TULSA, Okla. rattled a peaceful, tight-knit east Tulsa community, where some feared Sunday the rampage could deter others from attending upcoming cultural celebrations.
"It's really sad because a lot of people do not feel safe to go to the other New Year's celebrations. I know there are people who don't want to attend that anymore," said Joua Xiong, who attended Saturday's celebration along with hundreds of other Hmong people and heard the gunfire break out. "It's very sad because this is the only time we really get to embrace our culture and unite as one.
"And I know a lot of other people will not come (to the Oct. 26-27 event) because of that," she said.
Hmong are an Asian ethnic group hailing from countries including Laos, China, Vietnam and Thailand. In Tulsa, the Hmong population numbers between 3,000 and 4,000. Many have traveled to Tulsa from across the country during recent years seeking jobs.
Two men have been taken into custody and face multiple charges in the shooting of five people at Saturday's festival, authorities said Sunday. Authorities were holding 21-year-old Boonmlee Lee and 19-year-old Meng Lee, both of Tulsa. Each faces five counts of shooting with intent to kill plus firearms charges.
It was not clear from jail records whether each had an attorney. An arraignment is pending.
Tulsa police spokesman Capt. Steve Odom said a gun was recovered but that it will have to be tested to see if it is linked to the Saturday night shooting. Odom said the alleged shooters and the victims were all Hmong and that there was "probably a relationship" between the men charged and the victims.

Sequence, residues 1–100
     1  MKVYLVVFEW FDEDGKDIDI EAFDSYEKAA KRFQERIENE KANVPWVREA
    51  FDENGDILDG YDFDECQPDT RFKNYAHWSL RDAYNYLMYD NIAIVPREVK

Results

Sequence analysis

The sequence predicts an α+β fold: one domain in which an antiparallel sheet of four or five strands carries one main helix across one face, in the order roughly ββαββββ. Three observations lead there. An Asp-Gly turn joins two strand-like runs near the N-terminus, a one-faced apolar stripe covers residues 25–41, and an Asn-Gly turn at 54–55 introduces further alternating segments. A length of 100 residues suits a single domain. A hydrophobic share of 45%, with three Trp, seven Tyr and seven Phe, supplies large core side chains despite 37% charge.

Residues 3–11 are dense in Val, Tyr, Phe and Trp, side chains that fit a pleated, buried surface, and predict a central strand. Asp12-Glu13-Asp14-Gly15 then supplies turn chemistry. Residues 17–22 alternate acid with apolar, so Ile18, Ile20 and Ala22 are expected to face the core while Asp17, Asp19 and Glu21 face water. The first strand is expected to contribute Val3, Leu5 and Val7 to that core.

The suspects were arrested shortly after the attack, which happened about 8 p.m. A police helicopter that was in the area spotted a car driving away from the scene with its headlights off and notified officers on the ground, who pulled it over.
The suspects had thrown clothes and a semi-automatic handgun believed to have been used in the attack out of the vehicle, police said.
A witness at the party described the chaotic scene, as people lined up to get dinner were sent running and ducking for cover when the shots rang out. There were at least 200 people at the celebration, which festival-goers likened to a Thanksgiving celebration in America.
For Xiong, who was walking with her family to get dinner Saturday night at the festival, she heard a loud 'pop' sound, but didn't think anything of it at first, believing it was a balloon.
"Then I realized we didn't have any balloons over there, and then everyone started standing up and taking cover," she recalled in an interview Sunday with The Associated Press. "Some people were crying already, and that scared us."
Xiong said Sunday she did not know the two alleged gunmen and questioned why they showed up at the party.
"I've never seen them in my life," she said. "They really don't have common Hmong names, either," she said. "I don't know if they were from out of town or what."
Spokeswomen for the two Tulsa hospitals where the victims were transported said they could not release information on the condition of the wounded Sunday, citing the ongoing police investigation.
But Xiathao Moua, the president of the Hmong American Association of Oklahoma, Inc., said he visited the two hospitals Sunday morning and said even though the victims sustained injuries from the shooting, they are expected to live. He would not elaborate further on the nature of the injuries to the victims, citing privacy concerns.
Moua described hearing the shots ring out Saturday night as some party guests were toasting with champagne and waiting in line to get dinner. What happened next, he said, was chaos and confusion.
"The emcee at the ceremony, he was on the stand and he told everybody to lay down under the table and the floor," he said.
Moua also said he asked the victims at both Tulsa hospitals if they knew why they were targeted by the violence or if they could describe the shooters, but they could not, he told the AP on Sunday.
Names of the victims, who police say are all hospitalized, weren't released.